A judicial verdict axing the merger of Sri Lanka's northern and eastern provinces, for the Tamils the most enduring success of the 1987 India-Sri Lanka pact, poses a foreign policy challenge to New Delhi.
This is so since the de-merger, which Sri Lanka's Supreme Court ordered Oct 16, negates the recognition spelt out in the 1987 accord that the two provinces were the historical habitation of the Tamil-speaking people.
It was based on that premise that then Sri Lankan president JR Jayewardene, who signed the India-Sri Lanka agreement with then Indian prime minister Rajiv Gandhi, agreed to merge the north and east into a single unit.
Jayewardene had reservations on the merger as he had to have the support of the Sinhalese, most of whom were against a single northeastern province, which the Tamil Tigers wanted to secede from Sri Lanka as an independent homeland.
So he included in the 1987 agreement a clause that a referendum would be held in the eastern wing to decide if the merger should become permanent or a de-merger should take place.
At the same time, Gandhi promised Sri Lankan Tamils that the merger would in effect be permanent and that the proposed referendum would never be held.
But Jayewardene quietly included a condition in the Provincial Councils Act, the enabling legislation for merging the north and east, that all weapons held by Tamil militants should be given up before a merger can be proclaimed. This condition did not exist in the 1987 pact, and of course the Liberation Tigers of Tamil Eelam (LTTE) never gave up all its weaponry.
The Sinhalese-Marxist JVP party successfully exploited this drawback when it went to the apex court seeking an order against the merger.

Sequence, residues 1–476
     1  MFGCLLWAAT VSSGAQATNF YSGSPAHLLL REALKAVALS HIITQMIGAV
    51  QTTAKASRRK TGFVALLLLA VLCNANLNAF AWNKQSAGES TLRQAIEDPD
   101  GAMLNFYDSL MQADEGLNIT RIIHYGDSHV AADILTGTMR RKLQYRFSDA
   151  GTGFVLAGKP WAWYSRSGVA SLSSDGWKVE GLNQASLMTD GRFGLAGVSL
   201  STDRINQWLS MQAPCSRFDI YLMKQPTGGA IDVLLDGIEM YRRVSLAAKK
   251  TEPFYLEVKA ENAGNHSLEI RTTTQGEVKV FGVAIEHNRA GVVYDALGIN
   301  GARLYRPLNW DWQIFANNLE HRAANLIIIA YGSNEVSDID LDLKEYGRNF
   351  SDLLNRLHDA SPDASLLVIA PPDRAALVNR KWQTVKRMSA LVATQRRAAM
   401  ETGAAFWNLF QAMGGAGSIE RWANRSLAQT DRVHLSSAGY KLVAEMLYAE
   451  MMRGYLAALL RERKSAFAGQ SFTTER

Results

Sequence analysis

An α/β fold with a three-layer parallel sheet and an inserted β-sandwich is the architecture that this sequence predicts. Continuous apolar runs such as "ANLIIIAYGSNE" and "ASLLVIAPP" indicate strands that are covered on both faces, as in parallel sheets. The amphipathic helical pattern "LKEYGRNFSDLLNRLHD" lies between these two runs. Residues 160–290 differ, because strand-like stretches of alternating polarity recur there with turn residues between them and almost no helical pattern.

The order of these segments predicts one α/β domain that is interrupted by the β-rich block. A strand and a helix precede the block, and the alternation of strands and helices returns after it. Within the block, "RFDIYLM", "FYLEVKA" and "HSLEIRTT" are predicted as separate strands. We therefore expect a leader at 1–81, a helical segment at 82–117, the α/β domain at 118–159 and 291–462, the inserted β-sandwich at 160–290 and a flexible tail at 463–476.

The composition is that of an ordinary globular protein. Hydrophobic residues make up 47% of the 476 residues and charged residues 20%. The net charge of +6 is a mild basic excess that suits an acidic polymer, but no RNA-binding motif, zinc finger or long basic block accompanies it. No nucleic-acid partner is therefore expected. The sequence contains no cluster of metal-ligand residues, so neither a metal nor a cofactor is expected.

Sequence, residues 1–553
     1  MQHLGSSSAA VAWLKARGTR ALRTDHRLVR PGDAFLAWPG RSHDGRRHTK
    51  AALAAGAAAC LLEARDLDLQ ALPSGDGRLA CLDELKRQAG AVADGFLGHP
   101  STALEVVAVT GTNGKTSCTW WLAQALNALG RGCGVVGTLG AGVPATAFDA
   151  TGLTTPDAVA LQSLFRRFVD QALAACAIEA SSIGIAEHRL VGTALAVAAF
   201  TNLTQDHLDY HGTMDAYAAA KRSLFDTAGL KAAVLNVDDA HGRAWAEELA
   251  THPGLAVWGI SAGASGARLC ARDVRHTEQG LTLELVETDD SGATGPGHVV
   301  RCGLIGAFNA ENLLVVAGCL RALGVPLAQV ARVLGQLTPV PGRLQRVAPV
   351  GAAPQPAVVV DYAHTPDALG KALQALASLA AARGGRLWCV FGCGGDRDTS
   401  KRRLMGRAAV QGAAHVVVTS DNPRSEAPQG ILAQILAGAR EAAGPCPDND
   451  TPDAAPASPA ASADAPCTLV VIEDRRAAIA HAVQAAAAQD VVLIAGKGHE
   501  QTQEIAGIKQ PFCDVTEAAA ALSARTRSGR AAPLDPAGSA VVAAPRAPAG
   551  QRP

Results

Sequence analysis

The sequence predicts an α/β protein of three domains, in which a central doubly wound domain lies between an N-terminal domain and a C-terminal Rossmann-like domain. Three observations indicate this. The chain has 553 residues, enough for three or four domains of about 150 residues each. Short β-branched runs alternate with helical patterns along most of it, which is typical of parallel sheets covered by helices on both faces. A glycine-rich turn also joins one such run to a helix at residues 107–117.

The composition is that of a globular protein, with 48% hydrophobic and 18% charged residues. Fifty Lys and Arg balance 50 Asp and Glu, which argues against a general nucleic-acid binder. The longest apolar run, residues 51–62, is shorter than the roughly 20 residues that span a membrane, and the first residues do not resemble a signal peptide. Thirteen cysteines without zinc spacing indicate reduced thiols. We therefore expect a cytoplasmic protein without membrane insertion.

As long as no election is held either to the proposed separate northern and eastern provincial councils as sought by the Supreme Court, it would be possible for Sri Lankan President Mahindra Rajapakse to name one person as governor for the north and east.
Precisely for this reason, the JVP is seeking elections to the eastern province. Once that happens, a merger of the north and east would become near impossible.
Even if Rajapakse goes to parliament seeking amendments in the Provincial Councils Act to merge the northern and eastern provinces, either temporarily or permanently, the Supreme Court can be again asked to intervene.
A marriage of Sri Lanka's north and east became a demand for all Tamil groups, the moderates and militants, when it was realized that only a merged unit would allow Tamils to have a major say in the eastern wing.
For decades many Sinhalese have made the east their home, often with the state's backing, quietly bringing down the percentage of Tamil population.
Thus while the Tamils remain an overwhelming majority in Sri Lanka's north, their share of the population has fallen steeply in the east due to demographic changes.
At the same time, the conditions that prevailed during the 1987 merger of the northeast do not exist.
While the northeast was seen then as a historical habitation of the Tamil-speaking people, since 1990 the LTTE has ousted a large number of Tamil speaking Muslims from the north.
Relations between the LTTE and Muslims have also soured in the east, so much so that Muslims who once were part of the Tamil militant movement now resent any Tamil domination.
And the fact is whether one likes it or not, the Sinhalese settled in the east of Sri Lanka cannot be wished away.
In any case the LTTE today controls a large of the northeast. But the fact is almost all Sri Lankan Tamils resent the Supreme Court ruling. Many even suspect the government's hand behind the judicial intervention.
The challenge for India will be how to cocktail all these considerations as it responds to a judicial-politico challenge that has further complicated an already complex ethnic question in Sri Lanka.